On August 23, 2009, Wu Xia, a Christian from The Church of Almighty God (CAG) was arrested by officers of the Chinese Communist Party (CCP) because of her belief in Almighty God. She was murdered while in custody at the age of 57. Prior to her death, Wu Xia lived in the Sucheng District of Suqian City, Jiangsu Province. She joined The Church of Almighty God in 2003 and was an enthusiastic host for other Christians. According to an informed source, throughout Wu Xia’s life she was loyal and honest, and her friends and family had great respect for her.
Arrested and Then Killed for Believing in God
In mid-August 2009, two local Christians were followed and then arrested by the officers from the Xiguan Police Station in Shuyang County, Suqian City. Before long the officers found out that Wu Xia believed in Almighty God and had hosted other Christians.
Around 3 p.m. on August 23, the police from the Suqian Public Security Bureau Economic and Technological Development Zone Branch barged into Wu Xia’s home on the pretext of inquiring about some situations, and then arrested her while she was there alone.
According to Wu Xia’s family, a few days later the police told her daughter and her son-in-law to go to the Liyuan Police Station in the Sucheng District of Suqian City (it has now been merged with the Huanghe Police Station in the same district and city) to urge Wu Xia to provide information on the whereabouts of another two Christians she had hosted, wanting to get materials from their computers.
She told her daughter and son-in-law that while she had been detained, the police deprived her of sleep, and constantly shined high-wattage lights directly into her eyes, trying to force her to divulge information on other Christians. But her mind was made up, and she would rather die than become a Judas and betray God. She removed the jewelry she was wearing such as gold earrings and a gold ring and gave them to her daughter, telling her daughter and son-in-law her wishes for her death and telling them to stop trying to persuade her. When her family saw that she was resolute and the police was stubbornly refusing to let her go, they had no choice but to leave.
Her Family Demanded an Explanation, the CCP Denied Responsibility
At about 9 p.m. on August 31, Wu Xia’s family members were notified by the police that she was having a hypertensive crisis, her life was in danger, and she had been sent to the Suqian City People’s Hospital for emergency treatment. They rushed to the hospital, but the police and doctors refused to let them see her. Sometime after midnight that same night one doctor came to tell her family that she had died after a failed rescue attempt.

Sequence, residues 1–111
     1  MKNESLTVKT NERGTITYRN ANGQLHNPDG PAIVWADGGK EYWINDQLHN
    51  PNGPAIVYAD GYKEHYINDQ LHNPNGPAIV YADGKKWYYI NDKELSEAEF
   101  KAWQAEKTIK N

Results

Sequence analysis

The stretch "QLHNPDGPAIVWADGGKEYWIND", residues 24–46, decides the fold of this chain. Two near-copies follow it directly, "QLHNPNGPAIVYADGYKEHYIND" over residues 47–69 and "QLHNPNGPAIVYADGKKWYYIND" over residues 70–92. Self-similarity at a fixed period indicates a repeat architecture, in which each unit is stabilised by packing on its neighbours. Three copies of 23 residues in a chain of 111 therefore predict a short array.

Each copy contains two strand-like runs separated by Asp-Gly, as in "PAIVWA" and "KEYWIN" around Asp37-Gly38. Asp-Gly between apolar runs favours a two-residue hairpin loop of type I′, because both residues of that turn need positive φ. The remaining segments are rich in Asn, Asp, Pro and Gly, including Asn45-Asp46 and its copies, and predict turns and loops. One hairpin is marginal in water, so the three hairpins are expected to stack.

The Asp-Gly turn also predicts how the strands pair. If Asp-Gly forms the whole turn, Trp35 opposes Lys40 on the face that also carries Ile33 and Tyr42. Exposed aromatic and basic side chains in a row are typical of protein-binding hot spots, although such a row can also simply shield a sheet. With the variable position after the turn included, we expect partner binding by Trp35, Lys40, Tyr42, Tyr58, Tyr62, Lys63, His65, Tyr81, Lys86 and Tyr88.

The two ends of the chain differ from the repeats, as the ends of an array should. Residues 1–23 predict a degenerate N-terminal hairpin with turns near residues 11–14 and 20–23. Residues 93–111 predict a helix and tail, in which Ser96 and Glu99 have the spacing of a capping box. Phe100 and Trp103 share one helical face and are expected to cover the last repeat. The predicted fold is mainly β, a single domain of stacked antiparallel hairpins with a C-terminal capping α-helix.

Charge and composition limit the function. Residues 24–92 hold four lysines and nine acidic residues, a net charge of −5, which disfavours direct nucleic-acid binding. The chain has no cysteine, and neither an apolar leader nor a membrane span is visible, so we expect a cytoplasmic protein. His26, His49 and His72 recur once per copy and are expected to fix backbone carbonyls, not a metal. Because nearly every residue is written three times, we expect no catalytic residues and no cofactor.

The police threatened her family members, saying, “If you dare say that Wu Xia was tortured to death by the police, then we will publicize that she believed in Almighty God. This is something opposed by the government—what the government most hates is people who believe in Almighty God. They are the number one criminals in the eyes of the government, so then your entire family will come to a bad end!” Under the pressure of the police, Wu Xia’s family didn’t dare complain or say a word.
That same night, the police took Wu Xia’s remains to the mortuary.
The next day the police just informed a few of Wu Xia’s close relatives to take a quick look at her, and then they prepared her remains for cremation. Her nephew, who was studying law, objected to the cremation and went to the Liyuan Police Station, Suqian City’s Sucheng District Public Security Sub-Bureau, as well as Suqian Public Security Bureau and the Provincial Department of Public Security a number of times to argue the case. All the o cers said the exact same thing—Wu Xia was arrested because of her belief in Almighty God, she died in police custody due to illness, her death had nothing to do with the police, they were not responsible, and that she had died in vain. They also said that believing in Almighty God was a serious, important case, and cynically asserted that the family wouldn’t find justice no matter which department they turned to. Her nephew continued to escalate the case and said that if he couldn’t win the lawsuit in China, he’d take it overseas through his former classmates. For fear of causing a stir, the police reluctantly agreed to pay 300,000 RMB of restitution to Wu Xia’s family.